Kenya’s President Backs Former Arch-Rival In Elections

File photo of Kenya’s President Uhuru Kenyatta (L) shakes hands with the National Super Alliance (NASA) coalition opposition leader Raila Odinga after a news conference on March 9, 2018, at Harambee house office in Nairobi. PHOTO: SIMON MAINA / AFP


Kenyan President Uhuru Kenyatta on Saturday endorsed his former arch-rival for the country’s top job, weeks after their parties joined forces ahead of presidential and parliamentary elections in August.

“We have chosen Raila Odinga without any opposition to be the fifth president of Kenya,” Kenyatta told a cheering crowd numbering thousands in the capital Nairobi.

The announcement brings together two of Kenya’s top political dynasties, who have a long history of opposing each other at the ballot box.

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But in 2018, Kenyatta and Odinga stunned the country when they shook hands and declared a truce after post-election violence in 2017 left dozens of people dead.

Last month, Kenyatta’s Jubilee party announced that it would join the Azimio la Umoja (Quest for Unity) coalition headed by Odinga.

On Saturday, Kenyatta declared his backing for the veteran opposition leader, saying: “We don’t have any doubt that we have a team captain in Raila Amolo Odinga.”

Odinga, 77, responded, saying that the pair’s journey from bitter electoral rivals to political partners “has been the most unlikely in the history of our country.”

“I accept the nomination with absolute gratitude and dedication to our people,” he added.

The announcement came after Kenyatta’s previously anointed successor William Ruto, who also intends to contest the presidential election, was sacked from Jubilee.

Ruto, 54, was initially anointed by Kenyatta as his successor but found himself marginalised after the 2018 pact between the president and his former foe.

Ruto has positioned himself as a leader looking to upend the status quo and stand up for the “hustlers” trying to survive in a country ruled by “dynasties” — a reference to the Kenyatta and Odinga families which have dominated politics for decades.


– Election violence –

The East African powerhouse has traditionally been ruled by presidents from the dominant Kikuyu tribe like Kenyatta or the Kalenjin tribe like Ruto.

This year’s contest is shaping up to be a two-horse race between Ruto and Odinga, who belong to the Luo tribe.

A former political prisoner and prime minister, Odinga has secured the support of at least 26 parties that are now part of the Azimio la Umoja coalition.

But his image as a fiery anti-establishment leader has taken a knock following “the handshake” with Kenyatta.

The duo has unsuccessfully tried to introduce sweeping constitutional changes, claiming that the reforms would help to end repeated cycles of election violence.

More than 1,100 Kenyans lost their lives in 2007 when a disputed election result sparked tribal violence.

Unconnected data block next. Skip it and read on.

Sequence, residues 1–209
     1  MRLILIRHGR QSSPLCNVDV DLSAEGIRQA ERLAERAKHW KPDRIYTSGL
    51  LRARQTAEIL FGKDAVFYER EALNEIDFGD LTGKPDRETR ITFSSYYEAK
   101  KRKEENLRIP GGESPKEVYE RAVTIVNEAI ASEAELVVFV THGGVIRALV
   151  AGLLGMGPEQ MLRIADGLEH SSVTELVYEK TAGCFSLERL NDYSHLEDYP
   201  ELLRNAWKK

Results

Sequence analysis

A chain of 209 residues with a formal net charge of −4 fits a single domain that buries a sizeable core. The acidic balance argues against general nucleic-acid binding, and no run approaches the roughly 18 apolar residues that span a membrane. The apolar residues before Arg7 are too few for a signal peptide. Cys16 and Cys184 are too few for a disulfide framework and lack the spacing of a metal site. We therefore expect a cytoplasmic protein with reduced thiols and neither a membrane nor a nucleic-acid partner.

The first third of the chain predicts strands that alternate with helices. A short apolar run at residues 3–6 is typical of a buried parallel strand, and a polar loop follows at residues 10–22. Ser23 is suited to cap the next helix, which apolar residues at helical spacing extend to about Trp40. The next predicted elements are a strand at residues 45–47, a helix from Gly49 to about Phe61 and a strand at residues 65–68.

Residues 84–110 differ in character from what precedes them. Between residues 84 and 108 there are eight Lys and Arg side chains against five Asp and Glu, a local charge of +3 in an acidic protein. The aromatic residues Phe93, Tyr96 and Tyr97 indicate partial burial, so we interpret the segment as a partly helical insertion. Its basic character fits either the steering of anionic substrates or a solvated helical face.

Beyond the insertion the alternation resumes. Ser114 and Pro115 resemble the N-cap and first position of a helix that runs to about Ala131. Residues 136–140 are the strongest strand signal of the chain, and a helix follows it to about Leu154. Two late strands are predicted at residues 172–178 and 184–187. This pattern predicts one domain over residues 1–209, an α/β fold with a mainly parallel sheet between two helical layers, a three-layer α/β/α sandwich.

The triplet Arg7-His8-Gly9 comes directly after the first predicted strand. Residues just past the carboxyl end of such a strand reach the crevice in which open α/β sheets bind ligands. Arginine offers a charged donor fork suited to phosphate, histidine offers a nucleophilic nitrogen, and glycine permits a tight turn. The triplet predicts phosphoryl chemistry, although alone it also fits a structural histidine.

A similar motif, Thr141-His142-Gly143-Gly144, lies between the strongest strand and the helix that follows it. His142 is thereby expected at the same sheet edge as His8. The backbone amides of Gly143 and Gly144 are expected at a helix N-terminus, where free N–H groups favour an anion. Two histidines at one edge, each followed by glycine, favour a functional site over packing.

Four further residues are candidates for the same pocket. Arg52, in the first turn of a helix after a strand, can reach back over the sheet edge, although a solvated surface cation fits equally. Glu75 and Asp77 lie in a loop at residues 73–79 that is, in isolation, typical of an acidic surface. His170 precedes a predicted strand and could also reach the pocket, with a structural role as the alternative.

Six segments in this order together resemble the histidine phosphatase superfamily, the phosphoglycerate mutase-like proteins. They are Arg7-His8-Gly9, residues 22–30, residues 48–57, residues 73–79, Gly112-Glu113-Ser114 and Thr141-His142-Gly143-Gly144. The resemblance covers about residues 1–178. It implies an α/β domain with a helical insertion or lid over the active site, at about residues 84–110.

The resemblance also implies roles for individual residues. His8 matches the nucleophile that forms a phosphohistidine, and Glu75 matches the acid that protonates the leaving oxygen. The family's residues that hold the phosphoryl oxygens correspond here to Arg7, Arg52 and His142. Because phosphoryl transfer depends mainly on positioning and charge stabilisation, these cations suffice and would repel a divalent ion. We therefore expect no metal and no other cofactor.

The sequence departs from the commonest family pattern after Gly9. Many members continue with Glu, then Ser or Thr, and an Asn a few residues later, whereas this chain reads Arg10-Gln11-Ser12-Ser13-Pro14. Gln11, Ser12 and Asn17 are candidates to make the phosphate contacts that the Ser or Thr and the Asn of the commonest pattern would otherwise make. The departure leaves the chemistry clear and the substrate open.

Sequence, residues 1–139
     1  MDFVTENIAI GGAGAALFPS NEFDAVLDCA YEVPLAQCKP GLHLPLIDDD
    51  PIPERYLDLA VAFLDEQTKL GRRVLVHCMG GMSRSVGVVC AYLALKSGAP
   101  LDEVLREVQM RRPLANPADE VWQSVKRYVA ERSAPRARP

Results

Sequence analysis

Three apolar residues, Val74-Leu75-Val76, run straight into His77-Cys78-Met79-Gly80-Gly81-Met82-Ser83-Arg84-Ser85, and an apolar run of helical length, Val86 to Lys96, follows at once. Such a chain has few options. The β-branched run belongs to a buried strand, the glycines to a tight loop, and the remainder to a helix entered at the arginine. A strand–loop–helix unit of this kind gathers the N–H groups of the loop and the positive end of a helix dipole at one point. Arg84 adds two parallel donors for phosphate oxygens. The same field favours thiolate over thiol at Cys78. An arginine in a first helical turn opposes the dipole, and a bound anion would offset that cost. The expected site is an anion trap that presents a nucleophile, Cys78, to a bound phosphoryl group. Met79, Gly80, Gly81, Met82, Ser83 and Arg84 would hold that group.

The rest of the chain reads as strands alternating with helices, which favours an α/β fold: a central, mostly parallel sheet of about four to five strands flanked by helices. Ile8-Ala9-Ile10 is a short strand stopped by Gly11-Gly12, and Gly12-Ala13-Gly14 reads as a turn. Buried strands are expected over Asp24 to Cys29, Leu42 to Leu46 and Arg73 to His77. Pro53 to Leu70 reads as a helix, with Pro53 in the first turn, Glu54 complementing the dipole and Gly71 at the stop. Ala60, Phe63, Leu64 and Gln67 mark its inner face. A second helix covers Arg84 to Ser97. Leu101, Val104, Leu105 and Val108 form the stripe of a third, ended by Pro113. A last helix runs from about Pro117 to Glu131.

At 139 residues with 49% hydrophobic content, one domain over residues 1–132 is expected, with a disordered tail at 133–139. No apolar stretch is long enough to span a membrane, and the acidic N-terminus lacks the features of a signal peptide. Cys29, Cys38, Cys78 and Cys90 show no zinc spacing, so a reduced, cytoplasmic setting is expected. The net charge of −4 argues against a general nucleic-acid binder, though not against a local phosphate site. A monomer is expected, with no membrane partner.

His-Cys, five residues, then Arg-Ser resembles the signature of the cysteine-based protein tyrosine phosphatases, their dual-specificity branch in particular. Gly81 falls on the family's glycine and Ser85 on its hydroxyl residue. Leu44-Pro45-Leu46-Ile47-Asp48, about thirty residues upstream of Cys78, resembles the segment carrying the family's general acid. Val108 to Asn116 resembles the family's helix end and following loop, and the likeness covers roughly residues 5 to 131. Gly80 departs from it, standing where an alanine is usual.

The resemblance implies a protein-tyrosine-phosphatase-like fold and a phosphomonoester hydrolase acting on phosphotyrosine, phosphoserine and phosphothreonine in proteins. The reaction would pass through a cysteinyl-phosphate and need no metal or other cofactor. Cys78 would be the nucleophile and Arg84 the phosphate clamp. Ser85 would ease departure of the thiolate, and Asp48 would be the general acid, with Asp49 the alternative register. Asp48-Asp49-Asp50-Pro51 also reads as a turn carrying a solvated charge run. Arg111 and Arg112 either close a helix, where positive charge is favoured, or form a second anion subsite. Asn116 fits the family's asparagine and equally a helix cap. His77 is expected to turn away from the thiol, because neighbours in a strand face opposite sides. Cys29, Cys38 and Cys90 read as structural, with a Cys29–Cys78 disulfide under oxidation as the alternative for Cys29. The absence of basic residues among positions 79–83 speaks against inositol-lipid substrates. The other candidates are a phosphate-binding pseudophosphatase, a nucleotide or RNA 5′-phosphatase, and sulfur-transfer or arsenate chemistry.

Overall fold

The reforms — popularly known as the Building Bridges Initiative (BBI)– proposed expanding the executive and parliament to more evenly divide the spoils of victory.

But it was seen by critics as a way to enable Kenyatta — a two-term president who cannot run for a third — to remain in power by establishing the post of prime minister.

The government has appealed a court ruling that rejected the proposals and said Kenyatta could even be sued in a civil court for launching the process.


Biden To Host Kenyan President Kenyatta 

File photo: US President Joe Biden speaks on the American Jobs Plan, following a tour of Tidewater Community College in Norfolk, Virginia on May 3, 2021. MANDEL NGAN / AFP


Joe Biden will welcome Kenyan President Uhuru Kenyatta on Thursday, in the first visit by an African leader to the White House during his presidency.

The summit will be part of “Biden’s commitment to the US partnership with Africa based on principles of mutual respect and equality,” a White House statement said Tuesday.

It said Biden and Kenyatta would discuss “the need to bring transparency and accountability to domestic and international financial systems,” amid a push by the Biden administration to fight both corruption and inequities overseas.

The two will also “discuss efforts to defend democracy and human rights, advance peace and security, accelerate economic growth and tackle climate change,” the White House said.

Biden has vowed to promote democracy overseas. Once-stable Kenya saw deadly political violence after 2017 elections, but Kenyatta has since made up with his former rival Raila Odinga.

Biden took office vowing a new commitment to Africa after the disinterest of his predecessor Donald Trump, who was the first president in decades not to visit sub-Saharan Africa.

But Biden has only gone on one international trip and has trimmed the number of visitors at the White House amid continued precautions against Covid-19.

Much of the Biden administration’s attention in Africa has turned to Ethiopia, a longtime US ally that has disappointed Washington with a nearly year-old offensive in the Tigray region.

Ethiopia launched the operation late last year in response to attacks on an army camp by the then ruling party in Tigray, where UN officials say that hundreds of thousands are facing severe hunger.

Kenyatta, speaking Tuesday after a UN Security Council meeting on Ethiopia, called for “an immediate cessation of hostilities by both sides.”

“We do not believe that there is a military solution, and we need to urgently have all parties coming across the table in order for us to be able to ensure that all humanitarian corridors are actually opened,” he told reporters.